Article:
• it is only something you need to manage while pregnant. You are however, at an increased risk of developing type 2 diabetes later in life.
  • Preeclampsia: Preeclampsia is a sudden increase in blood pressure after the 20th week of pregnancy. If left untreated, it can turn into something called eclampsia which can cause many terrible things like organ damage, seizures and even death. There is treatment available and depending on when preeclampsia develops, the most common treatment is early delivery of your baby. This may mean that your baby is a little earlier than anticipated, but try not to worry too much if this is the case. Preterm and moderately preterm babies generally do just fine with a little help in the early stages of their life.
  • Preterm birth: Speaking of preterm birth, PCOS is known to cause a higher chance of delivering your baby before 37 weeks. As we said before, there is some risk of health problems right after birth and later in life when a baby is born early, but most are treatable and disappear as your baby grows.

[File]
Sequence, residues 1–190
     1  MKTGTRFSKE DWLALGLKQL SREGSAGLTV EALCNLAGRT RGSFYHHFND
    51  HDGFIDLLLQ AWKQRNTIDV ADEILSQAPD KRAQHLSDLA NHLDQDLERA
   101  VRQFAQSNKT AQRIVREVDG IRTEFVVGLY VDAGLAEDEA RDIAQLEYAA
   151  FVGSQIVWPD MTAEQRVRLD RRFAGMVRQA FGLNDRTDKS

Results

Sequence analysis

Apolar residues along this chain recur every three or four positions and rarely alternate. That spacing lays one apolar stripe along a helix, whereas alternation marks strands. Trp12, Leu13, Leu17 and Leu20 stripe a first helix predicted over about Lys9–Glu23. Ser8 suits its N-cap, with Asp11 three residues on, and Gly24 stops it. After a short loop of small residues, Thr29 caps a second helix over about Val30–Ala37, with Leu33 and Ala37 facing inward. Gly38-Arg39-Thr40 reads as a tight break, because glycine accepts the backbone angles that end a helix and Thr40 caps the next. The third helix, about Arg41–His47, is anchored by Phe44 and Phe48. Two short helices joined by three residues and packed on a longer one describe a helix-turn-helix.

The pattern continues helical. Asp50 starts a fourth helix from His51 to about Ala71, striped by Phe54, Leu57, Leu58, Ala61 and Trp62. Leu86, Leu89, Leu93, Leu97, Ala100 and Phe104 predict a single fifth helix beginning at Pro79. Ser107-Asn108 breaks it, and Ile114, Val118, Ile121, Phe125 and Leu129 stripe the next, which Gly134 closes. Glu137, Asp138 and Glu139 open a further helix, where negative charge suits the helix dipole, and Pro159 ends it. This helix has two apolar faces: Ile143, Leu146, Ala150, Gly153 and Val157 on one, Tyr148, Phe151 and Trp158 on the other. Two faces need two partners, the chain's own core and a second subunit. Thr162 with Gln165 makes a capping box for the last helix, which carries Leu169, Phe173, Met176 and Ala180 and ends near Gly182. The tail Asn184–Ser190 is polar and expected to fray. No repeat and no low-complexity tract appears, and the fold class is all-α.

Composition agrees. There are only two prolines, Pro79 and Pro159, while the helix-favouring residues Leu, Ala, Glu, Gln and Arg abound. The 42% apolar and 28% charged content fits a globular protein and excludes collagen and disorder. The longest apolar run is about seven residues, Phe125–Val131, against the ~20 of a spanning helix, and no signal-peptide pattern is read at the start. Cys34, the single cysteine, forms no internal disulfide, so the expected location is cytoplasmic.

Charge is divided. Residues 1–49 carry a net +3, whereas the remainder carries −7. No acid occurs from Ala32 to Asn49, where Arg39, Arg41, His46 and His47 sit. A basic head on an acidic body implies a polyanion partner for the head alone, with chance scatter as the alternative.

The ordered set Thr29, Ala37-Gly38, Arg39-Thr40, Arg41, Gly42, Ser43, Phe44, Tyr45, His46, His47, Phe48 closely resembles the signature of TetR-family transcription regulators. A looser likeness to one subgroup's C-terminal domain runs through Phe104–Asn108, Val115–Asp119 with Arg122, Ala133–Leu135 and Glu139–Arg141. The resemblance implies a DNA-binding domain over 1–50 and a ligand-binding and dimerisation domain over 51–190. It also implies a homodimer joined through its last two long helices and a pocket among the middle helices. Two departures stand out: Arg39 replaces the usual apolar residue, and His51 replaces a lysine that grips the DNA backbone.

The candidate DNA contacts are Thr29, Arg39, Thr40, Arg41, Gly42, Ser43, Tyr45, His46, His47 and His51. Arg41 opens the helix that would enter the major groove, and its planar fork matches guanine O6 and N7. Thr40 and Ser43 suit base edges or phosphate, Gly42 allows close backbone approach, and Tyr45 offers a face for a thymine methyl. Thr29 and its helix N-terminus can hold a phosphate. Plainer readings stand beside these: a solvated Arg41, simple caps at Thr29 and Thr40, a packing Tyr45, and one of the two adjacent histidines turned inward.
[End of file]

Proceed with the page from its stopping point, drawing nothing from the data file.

• C-section delivery: Women with PCOS are more likely to have a c-section because of some of these complications associated with the condition. C-sections are very common and safe, but because it is a significant surgical procedure, recovery does take longer than a vaginal birth. If you are pregnant and have PCOS, it may be wise to make some plans for getting a little extra help after the baby is born, just in case you have an unplanned or emergency c-section.

If you have PCOS, it doesn’t mean that you will definitely have the complications above. You are at an increased risk, so it’s good to be aware, but you may have a perfectly ordinary and problem-free pregnancy as well. We don’t want to scare you, but we do think it’s important to understand the ways that PCOS can impact a pregnancy.

For more information, read our blog post called Can I Get Pregnant with PCOS?

Do you have more questions or doubts? Chat with us. We’re more than happy to listing and help you with whatever we can.

What's Guud for you?

Take The Quiz